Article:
The Heart of a Mom

Our first date. I was swept off of my feet and am still head over heels

Our first date. I was swept off of my feet and am still head over heels

“She’s the type of woman I would want to be the mother of my children someday,” I thought, surprised that the thought even came. It was our first date, we had only known each other for 8 days, and prior to that evening had only had a few brief conversations. But as I sat next to her that evening, talking when we were supposed to be dancing, (it was a church sponsored Sadie Hawkins square dance) I was overwhelmed with the kindness and tenderness I saw in her.

I was certain she would be different from my mother. My mother was incapable of affection. Her alcoholism and mental illness rendered true maternal love impossible. Beatings outnumbered embraces, curses were common and kind words rare. As I talked to Lisa that night of our first date I realized there was something in her that I had never seen before, something powerful.  I couldn’t explain  what it was I saw at the time, but I was certain she would be for her future children everything my mother had not been for me.

37 years later I can say with confidence that my initial impression was incredibly accurate. Lisa is an amazing mom. From the moment our son took his first breath to today, she has been a model of sacrificial love.  Watching her love our children these last 29 years  I can now describe the heart that I perceived so long ago, the heart of a mom, a heart that-

-Sees our kids. She sees their desires, their fears, their hopes and their dreams. She sees them for who they are and for who they want to be. She sees the good in them, even when I can’t.

-Hears our kids. She listens to their stories with genuine interest. She is fascinated by every detail of their lives and every feeling and emotion matters to her.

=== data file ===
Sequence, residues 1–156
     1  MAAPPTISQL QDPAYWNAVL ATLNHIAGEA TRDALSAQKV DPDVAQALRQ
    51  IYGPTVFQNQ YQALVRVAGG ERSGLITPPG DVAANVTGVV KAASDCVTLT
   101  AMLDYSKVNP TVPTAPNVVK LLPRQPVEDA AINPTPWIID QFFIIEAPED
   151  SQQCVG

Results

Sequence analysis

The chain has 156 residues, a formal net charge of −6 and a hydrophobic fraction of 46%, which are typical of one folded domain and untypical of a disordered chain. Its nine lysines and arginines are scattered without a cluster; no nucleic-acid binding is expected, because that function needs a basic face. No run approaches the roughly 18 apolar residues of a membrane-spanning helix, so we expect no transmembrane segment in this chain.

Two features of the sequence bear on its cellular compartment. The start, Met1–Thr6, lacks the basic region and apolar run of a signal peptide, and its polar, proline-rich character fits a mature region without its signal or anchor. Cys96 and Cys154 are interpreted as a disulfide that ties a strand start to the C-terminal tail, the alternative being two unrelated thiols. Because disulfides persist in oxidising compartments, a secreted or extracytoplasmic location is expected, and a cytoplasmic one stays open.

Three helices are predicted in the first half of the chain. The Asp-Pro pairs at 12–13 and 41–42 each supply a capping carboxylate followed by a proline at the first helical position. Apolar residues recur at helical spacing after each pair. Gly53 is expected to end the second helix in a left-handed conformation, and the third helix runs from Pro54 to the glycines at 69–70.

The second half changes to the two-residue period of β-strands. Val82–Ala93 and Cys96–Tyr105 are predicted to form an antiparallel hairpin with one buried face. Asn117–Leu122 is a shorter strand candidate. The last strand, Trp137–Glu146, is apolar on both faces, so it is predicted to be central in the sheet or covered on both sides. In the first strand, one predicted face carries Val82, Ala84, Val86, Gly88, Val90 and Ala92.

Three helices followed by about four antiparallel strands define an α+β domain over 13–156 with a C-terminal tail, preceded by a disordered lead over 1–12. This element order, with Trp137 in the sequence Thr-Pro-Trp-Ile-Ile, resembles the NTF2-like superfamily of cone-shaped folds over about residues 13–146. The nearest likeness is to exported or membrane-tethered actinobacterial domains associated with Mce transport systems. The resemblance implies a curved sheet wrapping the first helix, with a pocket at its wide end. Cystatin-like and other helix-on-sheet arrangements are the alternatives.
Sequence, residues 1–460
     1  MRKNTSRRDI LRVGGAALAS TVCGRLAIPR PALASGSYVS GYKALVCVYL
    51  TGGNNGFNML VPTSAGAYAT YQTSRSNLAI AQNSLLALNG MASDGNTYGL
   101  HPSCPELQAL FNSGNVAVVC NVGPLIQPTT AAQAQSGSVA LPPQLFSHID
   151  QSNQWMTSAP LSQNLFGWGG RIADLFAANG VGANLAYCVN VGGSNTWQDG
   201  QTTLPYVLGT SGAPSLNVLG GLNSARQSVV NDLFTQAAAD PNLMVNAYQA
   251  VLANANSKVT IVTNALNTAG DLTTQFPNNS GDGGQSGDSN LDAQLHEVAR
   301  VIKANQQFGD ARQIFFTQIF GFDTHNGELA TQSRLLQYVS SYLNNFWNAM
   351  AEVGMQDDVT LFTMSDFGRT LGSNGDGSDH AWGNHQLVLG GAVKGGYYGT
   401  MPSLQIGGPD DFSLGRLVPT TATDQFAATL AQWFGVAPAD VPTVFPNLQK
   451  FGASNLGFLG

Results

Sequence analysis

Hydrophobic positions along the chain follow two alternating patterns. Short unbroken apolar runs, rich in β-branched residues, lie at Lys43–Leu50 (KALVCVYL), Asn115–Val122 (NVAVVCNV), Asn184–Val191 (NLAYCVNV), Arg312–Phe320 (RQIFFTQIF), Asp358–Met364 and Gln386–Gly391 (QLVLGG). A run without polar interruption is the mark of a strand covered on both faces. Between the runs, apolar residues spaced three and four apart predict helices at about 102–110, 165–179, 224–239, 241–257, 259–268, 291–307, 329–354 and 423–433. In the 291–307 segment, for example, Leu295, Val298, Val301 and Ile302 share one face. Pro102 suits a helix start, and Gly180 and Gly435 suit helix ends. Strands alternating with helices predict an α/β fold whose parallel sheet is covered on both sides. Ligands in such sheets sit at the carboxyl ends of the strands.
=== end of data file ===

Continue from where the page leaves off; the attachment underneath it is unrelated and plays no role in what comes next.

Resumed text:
-Encourages. She rejoices in every success, and comforts every failure or struggle.

-Feels for and with our kids. She shares every pain, every hurt and every tear. When their hearts break, her heart breaks as well. Even as they reached adulthood, she  shared their pains and disappointments.

-Always put our children first and set her own interests aside. She always let the kids pick the TV channel and the radio station. She planned meals with their tastes in mind, and if there was any doubt as to whether there was enough food on the table she would take smaller portions to make sure they had all they wanted.

-Prays for our children, for their health, their faith and their happiness. Sometimes with joy, sometimes through tears, always with passion, she has gone before God on their behalf.

-Took the time to play with our kids. If she had a dollar for every game of Candyland, Uno, Sorry and Trouble she played with our children, we’d be retired by now.

-Laughed with our children. She delighted in their quirks and jokes, and responded with a joyous laugh that was filled with love, a laugh that is to me the most beautiful sound in the world.

Everyday, in every way, Lisa was and is a mom, a priceless gift to me and our children.


Lisa and I met February 5, 1982. 37 years ago this Tuesday. Our first date was February 13th. I am forever grateful not only that I was able to see her for who she was, but that she saw me for who I am, and loved me anyway!